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View Full Version : Curious about why pros feed the way they do


Cindysphinx
05-22-2007, 12:11 PM
I have had lessons for a while now, and I am always curious about why pros choose to stand where they do for feeding, and also what makes them decide not to feed and instead to hit with you.

Frequently when we work on groundstrokes, my pro stands at the T, feeds a ball and then keeps hitting it back to me if my shot is anything he can reach. He rarely hits with me from the baseline. Why is that, do you think? Is it that it helps him see better and communicate better if he's closer? I sometimes wonder if I'm getting into a bad habit of hitting short in my effort to hit it right back to him. Then again, plenty sail over his head, so maybe that's not a problem . . . :)

I don't really mind, but I'm wondering what his thinking is. Is there some sort of progression in how a pro feeds/hits with a student he's been working with a long time?

Nero_S
05-22-2007, 12:25 PM
Due to tennis geometry he can reach more from T. Thus he does not have to run after every ball you spray and potentially can keep the ball in longer.

LuckyR
05-22-2007, 12:39 PM
Generally if you are feeding balls, it is a good idea not to hit returns as the next ball since the whole point of feeding drills is to hone some stroke to a fine polish through repetition. Of course real tennis isn't like that, that's why the next step if for live ball drills.

zapvor
05-22-2007, 01:18 PM
I have had lessons for a while now, and I am always curious about why pros choose to stand where they do for feeding, and also what makes them decide not to feed and instead to hit with you.

Frequently when we work on groundstrokes, my pro stands at the T, feeds a ball and then keeps hitting it back to me if my shot is anything he can reach. He rarely hits with me from the baseline. Why is that, do you think? Is it that it helps him see better and communicate better if he's closer? I sometimes wonder if I'm getting into a bad habit of hitting short in my effort to hit it right back to him. Then again, plenty sail over his head, so maybe that's not a problem . . . :)

I don't really mind, but I'm wondering what his thinking is. Is there some sort of progression in how a pro feeds/hits with a student he's been working with a long time?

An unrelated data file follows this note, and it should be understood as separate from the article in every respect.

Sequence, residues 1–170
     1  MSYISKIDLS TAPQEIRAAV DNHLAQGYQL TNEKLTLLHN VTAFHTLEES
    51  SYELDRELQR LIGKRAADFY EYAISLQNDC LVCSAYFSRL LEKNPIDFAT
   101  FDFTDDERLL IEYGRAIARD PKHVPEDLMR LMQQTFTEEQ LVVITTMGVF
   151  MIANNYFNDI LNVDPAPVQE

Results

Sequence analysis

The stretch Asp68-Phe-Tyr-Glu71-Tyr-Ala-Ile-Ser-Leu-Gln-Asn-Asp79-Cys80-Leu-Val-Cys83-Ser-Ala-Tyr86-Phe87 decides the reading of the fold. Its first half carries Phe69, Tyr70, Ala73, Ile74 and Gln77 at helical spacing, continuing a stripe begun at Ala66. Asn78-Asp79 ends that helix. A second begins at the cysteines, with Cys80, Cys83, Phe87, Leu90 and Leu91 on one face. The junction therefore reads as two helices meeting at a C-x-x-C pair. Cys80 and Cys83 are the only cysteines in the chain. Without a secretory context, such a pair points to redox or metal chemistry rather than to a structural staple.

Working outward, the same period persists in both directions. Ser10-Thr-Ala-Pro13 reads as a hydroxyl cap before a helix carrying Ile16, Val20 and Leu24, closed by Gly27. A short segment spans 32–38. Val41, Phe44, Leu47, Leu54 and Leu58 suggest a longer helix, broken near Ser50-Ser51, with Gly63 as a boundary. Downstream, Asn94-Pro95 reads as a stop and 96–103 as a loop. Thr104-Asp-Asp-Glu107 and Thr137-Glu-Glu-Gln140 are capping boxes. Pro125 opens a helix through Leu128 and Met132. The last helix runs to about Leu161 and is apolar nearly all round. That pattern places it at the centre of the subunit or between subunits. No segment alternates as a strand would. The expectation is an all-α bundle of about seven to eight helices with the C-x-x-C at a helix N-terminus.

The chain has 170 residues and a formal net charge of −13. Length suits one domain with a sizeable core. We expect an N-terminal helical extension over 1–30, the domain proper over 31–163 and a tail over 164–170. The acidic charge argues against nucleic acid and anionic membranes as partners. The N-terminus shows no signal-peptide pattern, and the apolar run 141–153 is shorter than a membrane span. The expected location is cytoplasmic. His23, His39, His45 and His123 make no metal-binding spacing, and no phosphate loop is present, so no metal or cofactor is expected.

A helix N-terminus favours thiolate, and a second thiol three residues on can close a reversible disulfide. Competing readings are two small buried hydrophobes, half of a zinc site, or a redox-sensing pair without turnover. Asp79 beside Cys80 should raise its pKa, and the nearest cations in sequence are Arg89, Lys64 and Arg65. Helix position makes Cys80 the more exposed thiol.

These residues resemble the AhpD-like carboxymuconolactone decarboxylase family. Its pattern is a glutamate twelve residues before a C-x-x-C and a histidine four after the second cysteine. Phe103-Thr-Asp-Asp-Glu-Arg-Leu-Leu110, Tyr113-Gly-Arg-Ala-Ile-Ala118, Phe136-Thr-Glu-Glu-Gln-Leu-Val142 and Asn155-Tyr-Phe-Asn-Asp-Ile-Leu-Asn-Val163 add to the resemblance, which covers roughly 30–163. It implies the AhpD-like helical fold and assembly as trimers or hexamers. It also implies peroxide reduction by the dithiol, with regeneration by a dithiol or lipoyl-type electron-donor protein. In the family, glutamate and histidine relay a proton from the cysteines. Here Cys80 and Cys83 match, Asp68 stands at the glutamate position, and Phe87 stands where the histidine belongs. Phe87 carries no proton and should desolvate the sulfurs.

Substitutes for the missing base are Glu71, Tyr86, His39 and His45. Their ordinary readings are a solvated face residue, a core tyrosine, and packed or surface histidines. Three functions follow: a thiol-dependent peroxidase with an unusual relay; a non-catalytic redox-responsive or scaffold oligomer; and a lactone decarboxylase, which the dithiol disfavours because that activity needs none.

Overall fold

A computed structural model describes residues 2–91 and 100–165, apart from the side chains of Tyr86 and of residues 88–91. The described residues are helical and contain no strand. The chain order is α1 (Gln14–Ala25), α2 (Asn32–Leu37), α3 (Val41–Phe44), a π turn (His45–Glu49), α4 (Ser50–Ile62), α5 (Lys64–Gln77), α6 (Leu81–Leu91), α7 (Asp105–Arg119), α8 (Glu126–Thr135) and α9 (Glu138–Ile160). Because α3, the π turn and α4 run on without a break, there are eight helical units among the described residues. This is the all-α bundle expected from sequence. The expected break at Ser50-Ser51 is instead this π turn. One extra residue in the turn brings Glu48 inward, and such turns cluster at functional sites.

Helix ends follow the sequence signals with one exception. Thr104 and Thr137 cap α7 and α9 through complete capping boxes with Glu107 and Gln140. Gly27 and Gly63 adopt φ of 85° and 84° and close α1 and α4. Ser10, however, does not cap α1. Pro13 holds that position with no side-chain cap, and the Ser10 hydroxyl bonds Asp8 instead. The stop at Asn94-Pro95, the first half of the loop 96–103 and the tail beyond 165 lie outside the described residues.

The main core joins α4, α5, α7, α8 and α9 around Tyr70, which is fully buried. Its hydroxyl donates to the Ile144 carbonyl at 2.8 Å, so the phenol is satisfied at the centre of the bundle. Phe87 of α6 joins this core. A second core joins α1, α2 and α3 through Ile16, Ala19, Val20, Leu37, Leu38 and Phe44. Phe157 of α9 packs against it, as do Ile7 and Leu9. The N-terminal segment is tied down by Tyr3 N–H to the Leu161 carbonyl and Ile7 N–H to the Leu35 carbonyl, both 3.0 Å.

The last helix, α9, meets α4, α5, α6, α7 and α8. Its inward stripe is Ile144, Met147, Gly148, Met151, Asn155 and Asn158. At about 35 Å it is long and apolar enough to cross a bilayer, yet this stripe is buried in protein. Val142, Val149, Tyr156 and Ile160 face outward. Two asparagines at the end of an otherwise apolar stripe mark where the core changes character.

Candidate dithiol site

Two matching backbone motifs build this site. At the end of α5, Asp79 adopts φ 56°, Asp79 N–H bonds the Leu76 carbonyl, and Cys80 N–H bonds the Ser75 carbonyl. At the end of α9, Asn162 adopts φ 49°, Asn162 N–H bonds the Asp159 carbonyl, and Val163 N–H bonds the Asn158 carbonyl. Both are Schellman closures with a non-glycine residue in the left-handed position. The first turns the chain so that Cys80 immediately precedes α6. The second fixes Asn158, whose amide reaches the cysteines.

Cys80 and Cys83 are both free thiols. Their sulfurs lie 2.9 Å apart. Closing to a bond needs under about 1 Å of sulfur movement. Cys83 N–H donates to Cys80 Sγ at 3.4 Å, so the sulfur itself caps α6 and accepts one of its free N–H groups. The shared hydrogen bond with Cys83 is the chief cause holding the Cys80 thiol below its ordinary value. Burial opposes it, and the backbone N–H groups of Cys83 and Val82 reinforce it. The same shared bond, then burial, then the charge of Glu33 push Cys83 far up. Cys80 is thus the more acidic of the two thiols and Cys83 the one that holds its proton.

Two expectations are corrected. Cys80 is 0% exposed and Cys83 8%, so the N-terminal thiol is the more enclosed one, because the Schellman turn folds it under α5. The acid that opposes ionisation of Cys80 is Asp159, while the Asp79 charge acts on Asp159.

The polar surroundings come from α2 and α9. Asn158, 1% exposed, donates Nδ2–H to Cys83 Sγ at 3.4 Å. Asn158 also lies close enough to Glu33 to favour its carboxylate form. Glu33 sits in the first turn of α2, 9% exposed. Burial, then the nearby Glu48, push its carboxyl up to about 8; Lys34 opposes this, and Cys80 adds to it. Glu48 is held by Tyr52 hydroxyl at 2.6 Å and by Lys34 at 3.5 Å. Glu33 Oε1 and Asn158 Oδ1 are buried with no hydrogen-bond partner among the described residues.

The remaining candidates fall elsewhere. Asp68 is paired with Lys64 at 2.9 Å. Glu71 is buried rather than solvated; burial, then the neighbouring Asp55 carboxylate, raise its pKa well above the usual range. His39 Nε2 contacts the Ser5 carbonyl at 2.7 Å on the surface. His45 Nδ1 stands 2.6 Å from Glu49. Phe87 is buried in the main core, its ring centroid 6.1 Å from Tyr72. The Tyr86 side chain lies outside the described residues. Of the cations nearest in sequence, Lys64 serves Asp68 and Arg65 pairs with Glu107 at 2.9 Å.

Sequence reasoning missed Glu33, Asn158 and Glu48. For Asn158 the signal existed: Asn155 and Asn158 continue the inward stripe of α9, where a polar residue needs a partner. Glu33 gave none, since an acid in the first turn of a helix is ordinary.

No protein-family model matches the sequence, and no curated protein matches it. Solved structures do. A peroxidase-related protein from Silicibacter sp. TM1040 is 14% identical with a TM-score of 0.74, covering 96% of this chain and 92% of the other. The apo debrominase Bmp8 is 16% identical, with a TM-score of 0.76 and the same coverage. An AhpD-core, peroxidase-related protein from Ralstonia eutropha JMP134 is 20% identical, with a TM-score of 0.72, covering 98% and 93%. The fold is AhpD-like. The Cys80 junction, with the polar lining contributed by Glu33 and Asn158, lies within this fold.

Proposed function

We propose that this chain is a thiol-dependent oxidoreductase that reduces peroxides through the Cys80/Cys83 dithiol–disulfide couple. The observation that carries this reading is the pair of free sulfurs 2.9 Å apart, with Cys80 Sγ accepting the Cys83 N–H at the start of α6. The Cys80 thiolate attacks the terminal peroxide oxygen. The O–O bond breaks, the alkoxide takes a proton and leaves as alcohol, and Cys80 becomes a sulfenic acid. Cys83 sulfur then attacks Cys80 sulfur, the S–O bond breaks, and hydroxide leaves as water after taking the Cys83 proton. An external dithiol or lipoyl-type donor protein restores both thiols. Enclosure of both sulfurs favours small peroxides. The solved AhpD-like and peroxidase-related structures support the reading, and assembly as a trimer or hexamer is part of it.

why dont you ask him?

personally i think its a matter of skill level. if i see that you are still sailing balls over my head when i am standing at the T, i wont be moving back to the baseline anytime soon until you get more consistency.

HellBunni
05-22-2007, 01:43 PM
from the T he can do:

1. see your form better
2. so he can feed you balls more accurately, it's harder to feed accurate shots from the baseline.
3. like someone said, so he can reach more balls without moving.

it does depend on your level of play too.

Matt_MS
05-22-2007, 03:43 PM
My coach usually starts at the T and moves back after we warm up so he can drill me, and at the end of training he will rally with me some and we usually play a tiebreaker.

edberg505
05-22-2007, 03:58 PM
Well, I think it all sort of depends on your skill level. When I used to teach I would start off feeding balls just in front of the T actually. And like your coach, if anything was within my reach I would volley it back to the student for a few reasons. 1). it helped me with my volleying skills 2.) it helps the student to see what shots they may want to play after the volley comes back to them. 3.) it gives them more balls to hit. I would usually rally with a student if they were consistent enough to keep the ball in play after I'm done feeding them balls. Usually towards the end of the session. This way they can put to use what they just learned.